Another problem with the ER is that, for me at least, when I have flashes of intelligence and diagnose things correctly, it’s usually bad for the patient. I’m learning to think like a surgeon. I don’t really go in for musculoskeletal issues, or psychiatric issues, or bread-and-butter family practice things like allergic rhinitis and irritable bowel syndrome. When I see a patient, I tend to say either, “this patient seems sick; I can tell that there’s no need for surgery, so I’m not sure what else could be wrong,” or, “this patient isn’t sick; either they have gastroenteritis or a viral sore throat.” Those seem to be about the only benign diagnoses that I can remember from medical school. Surgical causes of abdominal pathology I can tell you in detail, but somehow my attendings in the ER aren’t too thrilled with that kind of differential. “Come on, Alice; just because it’s not surgical doesn’t mean it can’t exist.”

So when it’s not surgical and I do get the diagnosis right, it’s something bad: lung cancer; brain cancer; hemorrhagic strokes; subarrachnoid hemorrhage.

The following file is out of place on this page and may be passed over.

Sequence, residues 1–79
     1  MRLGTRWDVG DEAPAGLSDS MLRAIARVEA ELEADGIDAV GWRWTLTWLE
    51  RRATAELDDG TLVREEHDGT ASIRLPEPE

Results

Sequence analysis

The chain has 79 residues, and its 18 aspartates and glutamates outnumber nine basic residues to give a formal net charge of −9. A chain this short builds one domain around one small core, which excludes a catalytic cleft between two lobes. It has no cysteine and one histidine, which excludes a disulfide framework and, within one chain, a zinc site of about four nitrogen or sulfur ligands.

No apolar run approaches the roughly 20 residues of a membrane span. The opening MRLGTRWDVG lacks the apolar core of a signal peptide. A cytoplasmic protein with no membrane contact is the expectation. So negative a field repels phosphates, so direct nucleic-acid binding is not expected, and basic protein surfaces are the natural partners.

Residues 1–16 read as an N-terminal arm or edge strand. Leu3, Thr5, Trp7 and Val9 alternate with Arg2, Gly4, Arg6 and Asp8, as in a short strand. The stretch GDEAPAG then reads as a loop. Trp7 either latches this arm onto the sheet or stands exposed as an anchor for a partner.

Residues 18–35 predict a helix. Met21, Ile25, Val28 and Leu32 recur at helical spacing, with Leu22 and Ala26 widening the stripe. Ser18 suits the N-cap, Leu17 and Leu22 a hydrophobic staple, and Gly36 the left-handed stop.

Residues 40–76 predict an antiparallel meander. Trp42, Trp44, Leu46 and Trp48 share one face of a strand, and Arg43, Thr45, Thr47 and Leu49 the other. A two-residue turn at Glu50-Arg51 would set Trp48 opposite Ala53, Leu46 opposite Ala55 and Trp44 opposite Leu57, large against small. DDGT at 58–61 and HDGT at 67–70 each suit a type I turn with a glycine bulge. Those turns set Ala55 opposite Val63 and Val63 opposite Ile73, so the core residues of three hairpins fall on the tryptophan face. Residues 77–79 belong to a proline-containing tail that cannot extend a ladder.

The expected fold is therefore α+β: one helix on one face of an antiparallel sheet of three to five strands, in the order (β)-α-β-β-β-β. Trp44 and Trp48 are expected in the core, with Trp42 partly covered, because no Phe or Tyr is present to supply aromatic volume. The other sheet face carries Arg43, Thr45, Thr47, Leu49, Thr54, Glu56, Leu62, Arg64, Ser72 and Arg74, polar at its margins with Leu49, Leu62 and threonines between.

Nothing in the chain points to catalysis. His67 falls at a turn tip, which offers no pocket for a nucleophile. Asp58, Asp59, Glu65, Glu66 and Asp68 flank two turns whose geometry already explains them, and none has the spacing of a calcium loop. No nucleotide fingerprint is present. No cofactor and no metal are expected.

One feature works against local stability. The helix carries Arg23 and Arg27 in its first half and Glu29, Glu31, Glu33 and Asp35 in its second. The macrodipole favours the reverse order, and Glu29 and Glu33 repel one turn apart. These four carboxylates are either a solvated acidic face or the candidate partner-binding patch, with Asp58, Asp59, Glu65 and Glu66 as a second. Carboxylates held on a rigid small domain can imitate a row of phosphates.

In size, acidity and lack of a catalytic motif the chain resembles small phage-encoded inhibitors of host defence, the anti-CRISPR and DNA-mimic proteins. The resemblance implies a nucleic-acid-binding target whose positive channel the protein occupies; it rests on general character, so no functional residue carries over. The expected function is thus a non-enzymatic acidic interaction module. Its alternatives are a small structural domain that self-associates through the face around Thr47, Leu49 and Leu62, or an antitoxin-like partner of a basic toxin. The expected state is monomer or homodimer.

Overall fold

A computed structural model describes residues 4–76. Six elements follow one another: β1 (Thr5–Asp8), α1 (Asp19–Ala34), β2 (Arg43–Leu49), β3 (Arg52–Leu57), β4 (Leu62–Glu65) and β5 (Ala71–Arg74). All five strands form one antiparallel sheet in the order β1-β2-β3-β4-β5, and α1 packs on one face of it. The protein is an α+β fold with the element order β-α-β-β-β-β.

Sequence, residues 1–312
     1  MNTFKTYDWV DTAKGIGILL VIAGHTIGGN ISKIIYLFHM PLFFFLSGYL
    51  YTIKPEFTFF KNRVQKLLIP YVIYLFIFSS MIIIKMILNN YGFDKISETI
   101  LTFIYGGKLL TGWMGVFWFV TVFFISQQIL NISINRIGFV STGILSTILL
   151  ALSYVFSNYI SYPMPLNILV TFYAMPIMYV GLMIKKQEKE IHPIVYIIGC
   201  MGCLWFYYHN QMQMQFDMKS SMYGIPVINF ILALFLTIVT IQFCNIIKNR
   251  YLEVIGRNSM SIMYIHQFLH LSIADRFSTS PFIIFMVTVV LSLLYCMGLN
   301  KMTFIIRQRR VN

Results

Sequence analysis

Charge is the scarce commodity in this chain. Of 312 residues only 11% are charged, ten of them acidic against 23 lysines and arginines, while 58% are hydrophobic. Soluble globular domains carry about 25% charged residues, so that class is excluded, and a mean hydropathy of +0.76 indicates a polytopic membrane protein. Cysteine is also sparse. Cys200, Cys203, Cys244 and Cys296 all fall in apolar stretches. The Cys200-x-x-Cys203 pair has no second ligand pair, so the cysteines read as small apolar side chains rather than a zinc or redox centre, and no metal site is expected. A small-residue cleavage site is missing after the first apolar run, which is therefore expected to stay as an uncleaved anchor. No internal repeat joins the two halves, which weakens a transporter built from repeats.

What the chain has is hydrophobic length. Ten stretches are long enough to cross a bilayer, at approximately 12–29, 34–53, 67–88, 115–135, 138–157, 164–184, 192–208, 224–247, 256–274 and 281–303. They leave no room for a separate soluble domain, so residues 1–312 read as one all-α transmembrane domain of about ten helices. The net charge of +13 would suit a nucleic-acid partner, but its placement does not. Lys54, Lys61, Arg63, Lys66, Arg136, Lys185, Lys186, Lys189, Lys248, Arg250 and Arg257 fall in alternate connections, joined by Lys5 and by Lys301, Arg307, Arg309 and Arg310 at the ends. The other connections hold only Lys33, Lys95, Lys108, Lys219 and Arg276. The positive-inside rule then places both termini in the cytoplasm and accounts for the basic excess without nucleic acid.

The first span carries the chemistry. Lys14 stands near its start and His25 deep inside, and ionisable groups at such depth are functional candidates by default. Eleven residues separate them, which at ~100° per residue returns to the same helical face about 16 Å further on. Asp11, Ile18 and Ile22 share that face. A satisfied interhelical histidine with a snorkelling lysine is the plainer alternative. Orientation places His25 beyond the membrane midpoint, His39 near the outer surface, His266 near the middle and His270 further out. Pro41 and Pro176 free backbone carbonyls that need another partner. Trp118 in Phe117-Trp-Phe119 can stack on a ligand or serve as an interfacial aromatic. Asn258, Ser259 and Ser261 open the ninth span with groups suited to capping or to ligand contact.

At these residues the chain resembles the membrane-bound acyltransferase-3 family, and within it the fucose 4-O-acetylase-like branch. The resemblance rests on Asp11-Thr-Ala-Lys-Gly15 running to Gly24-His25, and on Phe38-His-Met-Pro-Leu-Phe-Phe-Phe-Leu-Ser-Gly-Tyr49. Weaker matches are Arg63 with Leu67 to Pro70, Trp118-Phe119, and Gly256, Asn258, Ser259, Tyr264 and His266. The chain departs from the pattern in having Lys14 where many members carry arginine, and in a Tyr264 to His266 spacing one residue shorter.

I also give my attendings histories like, “the patient is fairly demented and can’t recall what medications they’re on or what medical problems they have, but by looking at them, they’ve apparently had at least one CABG (coronary artery bypass graft), a fem-pop (femoral-popliteal bypass), an open cholecystectomy, and some kind of midline incision, either colon cancer, or AAA (abdominal aortic aneurysm) repair; or maybe small bowel obstruction.” To which the answer is, “that’s a very nice surgical history; but the complaint is altered mental status with underlying dementia, and I don’t think their history of vascular disease is very relevant. Go get a urine sample and a chest x-ray.” (ok, yes, there could be a stroke from vascular disease; but you get the point)

I also tend to confuse consultants. Neurology comes down to see a possible stroke patient, and gets very concerned at seeing a surgeon outside the door. I have to cover up my coat’s embroidered identification, and explain that I’m masquerading as ER for the month. The hospitalists, similarly, are wary of admitting an elderly lady with reported viral gastroenteritis and severe dehydration, when they find a surgeon in the vicinity. Did it suddenly turn into a small bowel obstruction? In which case they’ll stay out of the way. . .

At least I’ve gotten over my med school stunt of trying to diagnose every single abdominal pain as appendicitis.

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